Charles Cilliers
6 minute read
2 Apr 2020
10:47 am

Malema tells ‘cowards’: Don’t relax the lockdown or ‘millions will die’

Charles Cilliers

The EFF leader has said 'barbarism' will emerge if SA blinks in the face of an impending possible economic catastrophe, which JP Morgan says will cause the economy to contract by 7%.

EFF Leader Julius Malema in the Pretoria High Court, 23 July 2019. Picture: Jacques Nelles

In a tweet on Thursday morning in the wake of rumours that government may be considering relaxing some of the restrictions on some sectors of the economy in a bid to save jobs, EFF leader Julius Malema was unequivocal that a total shutdown should remain in place or “millions will die”.

The EFF leader has previously called on his members to physically go to businesses not obeying the shutdown and forcibly enforce the rules.

Most countries affected by the coronavirus have implemented measures restricting the movement and activities of citizens, with South Africa one of the world’s most stringent. Sweden, by contrast, has opted for an approach that still allows most economic activity to continue while asking its citizens to take sanitary precautions against spreading the disease. Some have speculated that the country is opting for a so-called herd immunity approach by allowing the virus to spread through the population in the hope that eventually enough people will develop immunity.

The debate on trying to balance the need to keep people economically active and avoid a global depression with concerns that if the virus spreads too quickly people will overwhelm their countries’ health systems is one that continues to rage.

It has been complicated by the fact that the novel coronavirus SARS-CoV-2 is still so new and not everything is known about it or the effect it has on different countries’ populations in different scenarios.

Malema, however, has clearly thrown his support behind taking and maintaining the strongest preventative measures possible.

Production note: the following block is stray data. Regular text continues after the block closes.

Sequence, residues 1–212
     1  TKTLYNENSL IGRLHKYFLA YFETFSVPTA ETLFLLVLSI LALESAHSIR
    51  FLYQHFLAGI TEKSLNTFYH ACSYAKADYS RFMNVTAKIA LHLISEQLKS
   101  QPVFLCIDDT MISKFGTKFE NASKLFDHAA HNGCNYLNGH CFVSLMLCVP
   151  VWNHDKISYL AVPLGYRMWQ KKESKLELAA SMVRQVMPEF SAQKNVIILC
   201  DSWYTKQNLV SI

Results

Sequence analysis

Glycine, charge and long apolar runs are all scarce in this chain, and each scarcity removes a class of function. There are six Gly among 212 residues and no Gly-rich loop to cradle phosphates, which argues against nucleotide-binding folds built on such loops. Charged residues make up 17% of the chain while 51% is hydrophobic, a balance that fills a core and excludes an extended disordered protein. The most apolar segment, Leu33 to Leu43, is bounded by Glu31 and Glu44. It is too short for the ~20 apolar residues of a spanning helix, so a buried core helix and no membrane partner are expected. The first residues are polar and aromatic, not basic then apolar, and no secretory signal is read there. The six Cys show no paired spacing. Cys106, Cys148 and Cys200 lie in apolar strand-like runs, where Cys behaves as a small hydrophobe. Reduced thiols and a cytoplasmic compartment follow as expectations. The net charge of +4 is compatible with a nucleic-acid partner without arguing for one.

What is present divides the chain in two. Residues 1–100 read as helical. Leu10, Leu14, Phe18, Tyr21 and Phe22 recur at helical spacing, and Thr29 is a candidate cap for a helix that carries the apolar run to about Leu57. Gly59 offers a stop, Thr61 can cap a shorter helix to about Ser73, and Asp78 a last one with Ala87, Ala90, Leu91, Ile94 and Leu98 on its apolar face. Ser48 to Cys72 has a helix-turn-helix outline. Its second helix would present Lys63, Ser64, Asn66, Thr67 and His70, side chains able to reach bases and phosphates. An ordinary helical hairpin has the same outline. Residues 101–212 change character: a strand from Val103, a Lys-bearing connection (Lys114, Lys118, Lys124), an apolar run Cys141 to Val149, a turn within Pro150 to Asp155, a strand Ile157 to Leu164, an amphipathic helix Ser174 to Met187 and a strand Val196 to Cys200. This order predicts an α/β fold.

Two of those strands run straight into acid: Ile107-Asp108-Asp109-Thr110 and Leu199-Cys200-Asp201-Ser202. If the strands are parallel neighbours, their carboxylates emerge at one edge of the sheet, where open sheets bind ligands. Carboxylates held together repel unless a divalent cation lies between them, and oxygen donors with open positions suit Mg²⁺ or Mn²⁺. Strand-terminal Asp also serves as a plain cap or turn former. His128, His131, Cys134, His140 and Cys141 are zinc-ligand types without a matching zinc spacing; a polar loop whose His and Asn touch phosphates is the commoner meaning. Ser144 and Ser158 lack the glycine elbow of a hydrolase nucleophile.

“If the state is not going to be firm and not negotiate with any non-essential sector of the economy for relaxation of lockdown regulations, this lockdown will collapse, barbarism will emerge and the deadly coronavirus will spread like wildfire: millions will die. Stop it cowards!” he said in a tweet that he pinned to the top of his timeline.

An analysis by GroundUp last month posed the question about how many people could die due to the coronavirus outbreak in South Africa.

Nathan Geffen wrote that researchers at the University of East Anglia in England had used data from the Chinese and Italian epidemics to make an online tool to estimate the potential number of deaths in other countries, including South Africa.

They made assumptions based on the imperfect knowledge we have of the coronavirus pandemic.

“Scientists are still unsure of how fast the virus spreads and what percentage of infected people it kills,” Geffen wrote.

“The interesting thing about this tool, though, is that it takes into account the ages of a country’s population.”

Here are the estimates for South Africa assuming that 25% or 50% of the population gets infected, using the Italian or Chinese mortality data:

Table: GroundUp

Peter Lloyd-Sherlock told GroundUp: “These are just hypothetical scenarios, based on a best-guess approach. What we can’t guess is how well South Africans will respond to this calamity. Quite simple actions could do a lot to limit the rate of infection, potentially saving many thousands of lives.”